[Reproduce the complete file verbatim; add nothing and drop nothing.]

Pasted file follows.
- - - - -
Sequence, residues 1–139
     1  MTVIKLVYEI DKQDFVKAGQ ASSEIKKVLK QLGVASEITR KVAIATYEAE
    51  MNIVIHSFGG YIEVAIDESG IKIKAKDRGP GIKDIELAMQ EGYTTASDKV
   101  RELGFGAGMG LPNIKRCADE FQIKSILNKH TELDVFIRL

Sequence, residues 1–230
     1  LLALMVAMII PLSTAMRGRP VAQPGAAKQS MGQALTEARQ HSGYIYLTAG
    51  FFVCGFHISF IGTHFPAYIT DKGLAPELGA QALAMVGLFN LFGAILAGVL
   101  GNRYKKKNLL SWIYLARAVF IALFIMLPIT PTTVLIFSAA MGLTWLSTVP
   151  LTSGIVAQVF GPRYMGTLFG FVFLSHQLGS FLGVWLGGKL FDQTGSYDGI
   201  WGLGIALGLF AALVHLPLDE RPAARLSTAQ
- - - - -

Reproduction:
Sequence, residues 1–139
     1  MTVIKLVYEI DKQDFVKAGQ ASSEIKKVLK QLGVASEITR KVAIATYEAE
    51  MNIVIHSFGG YIEVAIDESG IKIKAKDRGP GIKDIELAMQ EGYTTASDKV
   101  RELGFGAGMG LPNIKRCADE FQIKSILNKH TELDVFIRL

Sequence, residues 1–230
     1  LLALMVAMII PLSTAMRGRP VAQPGAAKQS MGQALTEARQ HSGYIYLTAG
    51  FFVCGFHISF IGTHFPAYIT DKGLAPELGA QALAMVGLFN LFGAILAGVL
   101  GNRYKKKNLL SWIYLARAVF IALFIMLPIT PTTVLIFSAA MGLTWLSTVP
   151  LTSGIVAQVF GPRYMGTLFG FVFLSHQLGS FLGVWLGGKL FDQTGSYDGI
   201  WGLGIALGLF AALVHLPLDE RPAARLSTAQ